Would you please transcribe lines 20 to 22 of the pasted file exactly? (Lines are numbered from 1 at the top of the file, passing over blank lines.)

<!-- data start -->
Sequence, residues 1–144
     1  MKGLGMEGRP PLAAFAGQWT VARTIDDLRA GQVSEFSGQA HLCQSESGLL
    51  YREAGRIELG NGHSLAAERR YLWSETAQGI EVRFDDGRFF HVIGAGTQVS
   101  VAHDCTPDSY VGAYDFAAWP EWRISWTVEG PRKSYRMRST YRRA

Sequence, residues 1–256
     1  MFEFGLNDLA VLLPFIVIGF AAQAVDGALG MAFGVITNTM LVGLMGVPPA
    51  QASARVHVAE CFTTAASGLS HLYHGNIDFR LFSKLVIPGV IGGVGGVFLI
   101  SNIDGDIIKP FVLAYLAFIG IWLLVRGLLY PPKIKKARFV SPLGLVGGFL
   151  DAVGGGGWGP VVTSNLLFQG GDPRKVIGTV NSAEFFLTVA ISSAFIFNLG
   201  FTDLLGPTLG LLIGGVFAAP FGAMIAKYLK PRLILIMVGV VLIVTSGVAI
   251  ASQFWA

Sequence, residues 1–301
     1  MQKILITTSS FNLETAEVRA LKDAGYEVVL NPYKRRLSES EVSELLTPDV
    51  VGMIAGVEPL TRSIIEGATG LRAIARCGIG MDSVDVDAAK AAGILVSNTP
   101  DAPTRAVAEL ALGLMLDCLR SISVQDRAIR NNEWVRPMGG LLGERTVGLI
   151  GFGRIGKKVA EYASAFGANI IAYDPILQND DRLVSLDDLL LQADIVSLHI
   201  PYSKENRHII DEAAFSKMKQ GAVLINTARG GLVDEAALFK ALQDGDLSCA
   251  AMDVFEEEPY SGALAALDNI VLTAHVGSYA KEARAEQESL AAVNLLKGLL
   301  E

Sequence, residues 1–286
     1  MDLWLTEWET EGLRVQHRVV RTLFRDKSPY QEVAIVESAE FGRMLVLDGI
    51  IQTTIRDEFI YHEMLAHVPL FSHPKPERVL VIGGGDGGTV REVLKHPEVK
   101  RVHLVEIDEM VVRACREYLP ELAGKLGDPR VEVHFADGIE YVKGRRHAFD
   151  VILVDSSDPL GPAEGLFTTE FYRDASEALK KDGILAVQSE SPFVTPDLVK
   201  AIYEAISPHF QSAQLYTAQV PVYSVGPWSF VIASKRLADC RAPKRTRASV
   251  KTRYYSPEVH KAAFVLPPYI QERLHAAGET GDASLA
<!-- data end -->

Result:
Sequence, residues 1–286
     1  MDLWLTEWET EGLRVQHRVV RTLFRDKSPY QEVAIVESAE FGRMLVLDGI
    51  IQTTIRDEFI YHEMLAHVPL FSHPKPERVL VIGGGDGGTV REVLKHPEVK